The Black Star Passes

    John W Campbell

  • The float may then be adjusted to a shut-off position for the inlet valve.

  • The shut-off valve at the top of the device is interposed between the sediment cup and the carburetor.

    Aviation Engines

    Victor Wilfred Pag

  • Evans sealed the turbine from the rest of the steam system by closing the shut-off valves.

    All Day September

    Roger Kuykendall

  • He knew every inch of plumbing; where every shut-off, valve, ventilator, and stopcock was located.

    Walter and the Wireless

    Sara Ware Bassett

British Dictionary definitions for shut-off


  1. a device that shuts something off, esp a machine control
  2. a stoppage or cessation
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verb shut off (tr, adverb)
  1. to stem the flow of
  2. to block off the passage through
  3. to isolate or separate
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verb shuts, shutting or shut
  1. to move (something) so as to cover an aperture; closeto shut a door
  2. to close (something) by bringing together the partsto shut a book
  3. (tr often foll by up) to close or lock the doors ofto shut up a house
  4. (tr; foll by in, out, etc) to confine, enclose, or excludeto shut a child in a room
  5. (tr) to prevent (a business, etc) from operating
  6. shut one's eyes to to ignore deliberately
  7. shut the door on
    1. to refuse to think about
    2. to render impossible
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  1. closed or fastened
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  1. the act or time of shutting
  2. the line along which pieces of metal are welded
  3. get shut of or get shot of slang to get rid of
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Word Origin for shut

Old English scyttan; related to Old Frisian sketta to shut in, Middle Dutch schutten to obstruct
Collins English Dictionary - Complete & Unabridged 2012 Digital Edition © William Collins Sons & Co. Ltd. 1979, 1986 © HarperCollins Publishers 1998, 2000, 2003, 2005, 2006, 2007, 2009, 2012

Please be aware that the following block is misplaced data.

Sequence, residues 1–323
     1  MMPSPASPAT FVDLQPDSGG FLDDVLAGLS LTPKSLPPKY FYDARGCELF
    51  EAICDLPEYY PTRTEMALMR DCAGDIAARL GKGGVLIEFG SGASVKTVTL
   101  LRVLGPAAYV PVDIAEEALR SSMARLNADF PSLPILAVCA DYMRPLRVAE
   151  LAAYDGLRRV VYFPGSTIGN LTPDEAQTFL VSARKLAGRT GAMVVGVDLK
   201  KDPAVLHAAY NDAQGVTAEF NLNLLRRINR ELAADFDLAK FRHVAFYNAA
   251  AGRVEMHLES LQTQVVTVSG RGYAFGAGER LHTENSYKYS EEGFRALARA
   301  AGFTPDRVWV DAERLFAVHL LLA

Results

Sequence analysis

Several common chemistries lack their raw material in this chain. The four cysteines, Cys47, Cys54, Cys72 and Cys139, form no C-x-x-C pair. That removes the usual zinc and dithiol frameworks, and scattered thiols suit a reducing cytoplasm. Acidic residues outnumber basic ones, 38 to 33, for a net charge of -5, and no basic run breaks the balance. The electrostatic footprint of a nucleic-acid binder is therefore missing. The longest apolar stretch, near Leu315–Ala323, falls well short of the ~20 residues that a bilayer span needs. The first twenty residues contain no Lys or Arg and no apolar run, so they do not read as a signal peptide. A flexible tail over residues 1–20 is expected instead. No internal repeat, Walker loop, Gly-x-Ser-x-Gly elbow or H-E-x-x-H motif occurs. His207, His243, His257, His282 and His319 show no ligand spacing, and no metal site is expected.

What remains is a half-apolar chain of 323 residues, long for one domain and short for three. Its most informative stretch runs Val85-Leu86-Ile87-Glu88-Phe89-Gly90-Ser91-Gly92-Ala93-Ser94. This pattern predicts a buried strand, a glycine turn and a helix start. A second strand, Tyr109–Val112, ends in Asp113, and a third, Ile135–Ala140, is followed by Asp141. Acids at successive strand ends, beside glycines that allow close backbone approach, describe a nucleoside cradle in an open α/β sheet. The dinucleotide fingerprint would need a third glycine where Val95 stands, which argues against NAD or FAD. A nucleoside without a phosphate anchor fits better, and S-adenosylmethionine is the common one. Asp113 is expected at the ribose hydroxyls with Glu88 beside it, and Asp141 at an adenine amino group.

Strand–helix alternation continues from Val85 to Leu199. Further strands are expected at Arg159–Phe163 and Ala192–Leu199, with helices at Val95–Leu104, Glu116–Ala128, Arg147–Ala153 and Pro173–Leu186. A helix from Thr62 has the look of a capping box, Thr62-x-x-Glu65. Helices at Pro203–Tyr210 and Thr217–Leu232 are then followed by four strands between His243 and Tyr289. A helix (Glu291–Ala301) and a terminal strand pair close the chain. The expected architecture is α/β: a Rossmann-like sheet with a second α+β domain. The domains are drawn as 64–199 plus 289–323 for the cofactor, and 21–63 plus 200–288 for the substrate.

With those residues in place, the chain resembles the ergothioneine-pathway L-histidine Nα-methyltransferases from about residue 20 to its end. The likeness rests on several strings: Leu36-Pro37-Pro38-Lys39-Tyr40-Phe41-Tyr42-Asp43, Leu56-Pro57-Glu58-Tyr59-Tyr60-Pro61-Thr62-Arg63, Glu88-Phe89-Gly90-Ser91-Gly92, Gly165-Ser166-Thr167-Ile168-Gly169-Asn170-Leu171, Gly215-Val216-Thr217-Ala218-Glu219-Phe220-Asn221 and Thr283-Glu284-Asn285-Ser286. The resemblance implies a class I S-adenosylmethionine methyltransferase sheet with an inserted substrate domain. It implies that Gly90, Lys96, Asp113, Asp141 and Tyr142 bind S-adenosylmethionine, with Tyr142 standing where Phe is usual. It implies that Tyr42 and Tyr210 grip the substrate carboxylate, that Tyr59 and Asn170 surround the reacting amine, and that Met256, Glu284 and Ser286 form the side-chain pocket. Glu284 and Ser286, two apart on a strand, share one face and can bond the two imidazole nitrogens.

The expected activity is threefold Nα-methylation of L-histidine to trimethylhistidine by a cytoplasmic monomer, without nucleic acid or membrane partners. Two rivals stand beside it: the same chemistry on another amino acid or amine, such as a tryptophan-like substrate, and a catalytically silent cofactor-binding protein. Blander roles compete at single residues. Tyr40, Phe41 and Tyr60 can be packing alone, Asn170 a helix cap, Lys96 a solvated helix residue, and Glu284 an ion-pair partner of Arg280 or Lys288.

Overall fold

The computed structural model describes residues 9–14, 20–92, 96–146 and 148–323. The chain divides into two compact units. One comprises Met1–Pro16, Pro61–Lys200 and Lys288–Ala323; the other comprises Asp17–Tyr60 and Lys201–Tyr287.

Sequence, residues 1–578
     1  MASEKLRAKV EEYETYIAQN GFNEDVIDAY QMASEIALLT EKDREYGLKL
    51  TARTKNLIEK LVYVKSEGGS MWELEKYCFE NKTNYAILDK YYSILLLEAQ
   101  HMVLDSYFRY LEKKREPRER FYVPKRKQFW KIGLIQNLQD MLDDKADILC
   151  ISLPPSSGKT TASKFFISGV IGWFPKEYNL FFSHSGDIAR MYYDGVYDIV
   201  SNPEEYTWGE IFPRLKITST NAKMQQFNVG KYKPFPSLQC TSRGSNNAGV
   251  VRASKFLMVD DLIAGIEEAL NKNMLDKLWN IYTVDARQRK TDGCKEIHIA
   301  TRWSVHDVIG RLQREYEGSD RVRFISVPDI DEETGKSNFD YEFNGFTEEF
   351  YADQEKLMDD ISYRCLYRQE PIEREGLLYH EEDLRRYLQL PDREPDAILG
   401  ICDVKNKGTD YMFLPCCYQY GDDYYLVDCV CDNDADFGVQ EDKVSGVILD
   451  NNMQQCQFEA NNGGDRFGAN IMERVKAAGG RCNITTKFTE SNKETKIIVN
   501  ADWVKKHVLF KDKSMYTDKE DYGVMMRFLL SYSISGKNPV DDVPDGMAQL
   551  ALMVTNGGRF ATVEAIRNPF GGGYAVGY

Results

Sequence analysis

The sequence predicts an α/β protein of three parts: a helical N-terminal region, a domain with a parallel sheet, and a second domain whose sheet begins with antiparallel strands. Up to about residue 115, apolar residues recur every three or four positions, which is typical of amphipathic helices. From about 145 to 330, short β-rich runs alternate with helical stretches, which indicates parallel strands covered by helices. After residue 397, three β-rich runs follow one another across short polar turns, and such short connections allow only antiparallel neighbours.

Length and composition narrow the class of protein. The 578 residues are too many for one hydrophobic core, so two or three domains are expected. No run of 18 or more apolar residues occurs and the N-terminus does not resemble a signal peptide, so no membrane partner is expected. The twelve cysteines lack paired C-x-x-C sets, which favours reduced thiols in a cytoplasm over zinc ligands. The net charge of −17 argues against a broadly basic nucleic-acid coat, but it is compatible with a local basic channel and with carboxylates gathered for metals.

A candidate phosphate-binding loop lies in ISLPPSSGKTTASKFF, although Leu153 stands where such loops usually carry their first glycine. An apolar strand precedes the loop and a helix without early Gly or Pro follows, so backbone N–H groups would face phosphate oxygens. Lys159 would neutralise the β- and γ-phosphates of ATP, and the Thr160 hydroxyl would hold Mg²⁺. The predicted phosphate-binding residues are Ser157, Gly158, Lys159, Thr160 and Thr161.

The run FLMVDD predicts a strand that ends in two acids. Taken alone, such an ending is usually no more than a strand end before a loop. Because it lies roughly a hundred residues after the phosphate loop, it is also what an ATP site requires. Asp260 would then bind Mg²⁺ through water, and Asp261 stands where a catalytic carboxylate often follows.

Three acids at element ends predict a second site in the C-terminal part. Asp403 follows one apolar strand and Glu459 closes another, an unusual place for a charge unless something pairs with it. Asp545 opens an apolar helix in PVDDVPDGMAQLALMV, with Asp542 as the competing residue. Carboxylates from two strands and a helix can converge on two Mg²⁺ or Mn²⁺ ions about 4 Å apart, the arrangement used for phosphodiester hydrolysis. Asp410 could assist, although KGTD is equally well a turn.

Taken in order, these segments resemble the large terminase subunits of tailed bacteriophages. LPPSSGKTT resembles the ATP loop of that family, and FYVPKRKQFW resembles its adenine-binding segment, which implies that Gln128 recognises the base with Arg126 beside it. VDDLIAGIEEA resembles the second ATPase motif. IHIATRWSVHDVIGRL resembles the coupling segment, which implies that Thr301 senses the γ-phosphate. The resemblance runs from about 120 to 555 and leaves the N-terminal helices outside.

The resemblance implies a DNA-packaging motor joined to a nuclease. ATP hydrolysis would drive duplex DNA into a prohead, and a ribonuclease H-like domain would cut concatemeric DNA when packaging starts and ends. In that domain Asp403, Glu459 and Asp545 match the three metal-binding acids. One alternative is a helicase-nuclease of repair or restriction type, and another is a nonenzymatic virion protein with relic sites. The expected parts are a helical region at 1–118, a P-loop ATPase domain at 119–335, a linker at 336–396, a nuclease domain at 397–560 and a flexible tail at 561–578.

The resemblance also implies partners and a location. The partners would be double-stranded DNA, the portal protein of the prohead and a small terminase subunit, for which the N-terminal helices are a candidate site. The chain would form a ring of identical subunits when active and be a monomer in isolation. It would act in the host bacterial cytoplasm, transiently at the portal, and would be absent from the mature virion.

Word Origin and History for shut-off



Old English scyttan "to put (a bolt) in place so as to fasten a door or gate, bolt, shut to; discharge, pay off," from West Germanic *skutjan (cf. Old Frisian schetta, Middle Dutch schutten "to shut, shut up, obstruct"), from PIE *skeud- "to shoot, chase, throw" (see shoot (v.)). Related: Shutting.

Meaning "to close by folding or bringing together" is from mid-14c. Meaning "prevent ingress and egress" is from mid-14c. Sense of "to set (someone) free (from)" (c.1500) is obsolete except in dialectal phrases such as to get shut of. To shut (one's) mouth "desist from speaking" is recorded from mid-14c.

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Online Etymology Dictionary, © 2010 Douglas Harper

Idioms and Phrases with shut-off


In addition to the idioms beginning with shut

  • shut down
  • shut off
  • shut one's eyes to
  • shut out
  • shut the door
  • shut up

also see:

  • close (shut) down
  • close (shut) one's eyes to
  • close (shut) the door on
  • keep one's mouth shut
  • open and shut case
  • put up or shut up
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The American Heritage® Idioms Dictionary Copyright © 2002, 2001, 1995 by Houghton Mifflin Harcourt Publishing Company. Published by Houghton Mifflin Harcourt Publishing Company.